Leprosy still affects some of Nepal’s poorest communities. It perpetuates poverty and disability, and stigmatizes people with leprosy. This stigma prevents people – especially women – from participating socially in their communities.
To overcome this stigma, the RECLAIM project trained affected men and women to run local self-care groups. The groups encourage people to seek treatment and provide support to others affected by this commonly misunderstood disease. These self-care groups evolve into self-help groups, offering literacy classes and providing services to their communities. Members see better social inclusion and reduced stigma.
For Patili Maya – a member of the Ranichuri self-help group – her journey has been remarkable. Her group repaired a road to give village children easier access to the local government school – the same road she was once forbidden to use because of her status as a person affected by leprosy.
Kishori Yadhav was terrified when he found out he had leprosy. Members of his village in Dhanusha district still believed in the myths surrounding the disease and he feared being banished from his home. Even his wife kept her distance, saying hurtful things to him.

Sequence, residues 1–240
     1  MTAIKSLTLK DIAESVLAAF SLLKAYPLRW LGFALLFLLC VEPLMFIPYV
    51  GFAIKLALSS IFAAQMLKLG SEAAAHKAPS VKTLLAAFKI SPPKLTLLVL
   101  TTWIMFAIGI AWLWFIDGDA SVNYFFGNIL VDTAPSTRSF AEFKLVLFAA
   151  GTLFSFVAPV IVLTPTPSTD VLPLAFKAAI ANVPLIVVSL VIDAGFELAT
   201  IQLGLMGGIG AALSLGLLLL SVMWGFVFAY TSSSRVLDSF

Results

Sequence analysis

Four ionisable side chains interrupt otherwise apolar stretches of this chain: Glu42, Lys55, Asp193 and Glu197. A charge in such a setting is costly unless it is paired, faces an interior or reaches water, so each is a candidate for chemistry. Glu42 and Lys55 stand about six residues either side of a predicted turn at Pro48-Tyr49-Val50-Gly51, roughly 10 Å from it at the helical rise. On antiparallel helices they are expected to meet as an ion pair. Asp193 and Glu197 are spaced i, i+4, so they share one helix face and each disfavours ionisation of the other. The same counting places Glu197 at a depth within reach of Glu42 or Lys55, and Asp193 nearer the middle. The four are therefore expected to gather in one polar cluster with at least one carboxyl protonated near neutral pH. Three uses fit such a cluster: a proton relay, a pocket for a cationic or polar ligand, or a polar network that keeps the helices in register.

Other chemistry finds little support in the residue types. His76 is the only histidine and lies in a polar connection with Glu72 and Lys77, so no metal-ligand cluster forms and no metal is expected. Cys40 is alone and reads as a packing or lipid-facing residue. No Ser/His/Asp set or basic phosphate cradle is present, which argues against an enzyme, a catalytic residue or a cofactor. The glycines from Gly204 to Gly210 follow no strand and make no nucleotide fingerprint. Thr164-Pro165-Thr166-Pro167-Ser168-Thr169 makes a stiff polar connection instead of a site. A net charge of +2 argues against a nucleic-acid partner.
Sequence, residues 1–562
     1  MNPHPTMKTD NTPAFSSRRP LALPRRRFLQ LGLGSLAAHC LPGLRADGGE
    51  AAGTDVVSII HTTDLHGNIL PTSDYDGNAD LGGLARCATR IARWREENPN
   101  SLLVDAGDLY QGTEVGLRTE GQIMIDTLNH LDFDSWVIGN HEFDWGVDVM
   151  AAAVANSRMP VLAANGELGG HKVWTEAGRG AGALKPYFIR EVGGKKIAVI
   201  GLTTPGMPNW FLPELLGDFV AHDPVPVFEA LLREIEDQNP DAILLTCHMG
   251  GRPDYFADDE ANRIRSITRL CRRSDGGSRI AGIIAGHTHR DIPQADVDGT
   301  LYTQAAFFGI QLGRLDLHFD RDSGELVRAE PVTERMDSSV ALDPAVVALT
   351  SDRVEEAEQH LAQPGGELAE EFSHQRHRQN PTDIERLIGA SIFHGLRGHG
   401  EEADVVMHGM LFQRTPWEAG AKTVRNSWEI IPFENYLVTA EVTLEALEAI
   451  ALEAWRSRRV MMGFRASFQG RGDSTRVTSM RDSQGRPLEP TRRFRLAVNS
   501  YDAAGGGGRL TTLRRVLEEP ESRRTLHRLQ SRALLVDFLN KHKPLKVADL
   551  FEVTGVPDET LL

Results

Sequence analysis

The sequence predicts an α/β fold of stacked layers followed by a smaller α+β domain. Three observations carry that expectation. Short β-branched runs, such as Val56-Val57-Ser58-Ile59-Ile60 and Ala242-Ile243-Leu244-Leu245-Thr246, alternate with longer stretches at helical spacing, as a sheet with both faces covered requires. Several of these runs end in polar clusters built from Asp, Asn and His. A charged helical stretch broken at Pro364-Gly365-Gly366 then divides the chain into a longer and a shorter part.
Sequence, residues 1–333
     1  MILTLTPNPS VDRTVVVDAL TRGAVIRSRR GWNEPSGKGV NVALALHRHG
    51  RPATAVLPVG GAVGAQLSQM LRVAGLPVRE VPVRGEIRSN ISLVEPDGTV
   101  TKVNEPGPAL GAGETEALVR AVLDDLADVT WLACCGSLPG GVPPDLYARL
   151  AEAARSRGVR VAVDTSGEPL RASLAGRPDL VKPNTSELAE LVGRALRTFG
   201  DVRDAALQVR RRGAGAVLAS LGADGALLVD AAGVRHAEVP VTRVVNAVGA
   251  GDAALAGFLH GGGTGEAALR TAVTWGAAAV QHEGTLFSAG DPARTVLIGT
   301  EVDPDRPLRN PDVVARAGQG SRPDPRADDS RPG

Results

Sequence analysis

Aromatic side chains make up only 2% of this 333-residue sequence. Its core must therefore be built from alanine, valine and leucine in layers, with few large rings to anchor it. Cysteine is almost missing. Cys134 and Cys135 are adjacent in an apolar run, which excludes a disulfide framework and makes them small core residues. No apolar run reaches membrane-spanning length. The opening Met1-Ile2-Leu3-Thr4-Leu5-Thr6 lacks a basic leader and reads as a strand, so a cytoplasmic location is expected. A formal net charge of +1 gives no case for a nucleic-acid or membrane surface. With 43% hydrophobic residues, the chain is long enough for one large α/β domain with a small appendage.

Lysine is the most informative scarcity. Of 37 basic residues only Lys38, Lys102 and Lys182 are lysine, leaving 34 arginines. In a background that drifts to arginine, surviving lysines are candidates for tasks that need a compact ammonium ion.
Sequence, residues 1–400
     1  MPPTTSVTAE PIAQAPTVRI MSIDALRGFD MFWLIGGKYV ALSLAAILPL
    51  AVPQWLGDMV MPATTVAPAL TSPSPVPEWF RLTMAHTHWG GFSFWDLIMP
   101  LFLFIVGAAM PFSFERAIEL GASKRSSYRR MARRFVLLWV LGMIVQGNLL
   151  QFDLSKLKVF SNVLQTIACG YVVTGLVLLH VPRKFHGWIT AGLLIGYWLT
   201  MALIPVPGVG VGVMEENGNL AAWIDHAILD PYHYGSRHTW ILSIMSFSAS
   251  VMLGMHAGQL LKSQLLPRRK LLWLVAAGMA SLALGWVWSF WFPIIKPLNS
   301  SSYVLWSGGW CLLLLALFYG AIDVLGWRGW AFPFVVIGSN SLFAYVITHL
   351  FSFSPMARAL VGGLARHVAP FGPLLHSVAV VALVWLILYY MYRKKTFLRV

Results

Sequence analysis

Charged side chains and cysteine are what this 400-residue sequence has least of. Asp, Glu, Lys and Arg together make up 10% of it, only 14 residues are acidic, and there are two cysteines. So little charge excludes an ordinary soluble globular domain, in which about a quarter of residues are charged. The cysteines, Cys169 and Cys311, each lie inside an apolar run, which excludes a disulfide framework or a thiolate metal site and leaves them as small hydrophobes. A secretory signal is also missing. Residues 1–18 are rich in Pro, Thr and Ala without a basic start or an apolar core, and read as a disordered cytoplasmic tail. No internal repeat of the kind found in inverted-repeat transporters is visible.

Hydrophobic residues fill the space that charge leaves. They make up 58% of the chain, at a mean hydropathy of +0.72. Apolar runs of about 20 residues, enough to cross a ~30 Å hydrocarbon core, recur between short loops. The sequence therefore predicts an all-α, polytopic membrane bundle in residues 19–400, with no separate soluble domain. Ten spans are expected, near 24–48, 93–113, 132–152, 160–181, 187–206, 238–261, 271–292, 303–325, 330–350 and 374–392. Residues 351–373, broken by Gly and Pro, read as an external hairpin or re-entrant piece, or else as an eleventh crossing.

After treatment, the Lalgadh Leprosy Service Centre taught Kishori and his wife about leprosy and the challenges that people affected face. He joined a self-care training course hosted by the centre and took the new skills he acquired back to his village. He now leads a self-help group that has organised basic literacy training for Dalit or ‘Untouchable’ women. The group also provided low-interest loans for group members from their monthly savings scheme. Kishori now enjoys respect from his community and most importantly, his wife.
The RECLAIM project, implemented by the Nepal Leprosy Trust with support from American Leprosy Missions, tracked the impact group membership had on poverty.
The project demonstrated that self-care group membership can lead to improved social inclusion and more productive living.
Assessment of 50 groups comprising almost 900 people revealed that most members voluntarily became involved in community development activities. After 3 years, the study found that many had significantly improved their financial situation.
Kishori Yadhav was terrified when he found out he had leprosy. His small village in Dhanusha district still believed in the myths surrounding the disease and he feared being banished from his home.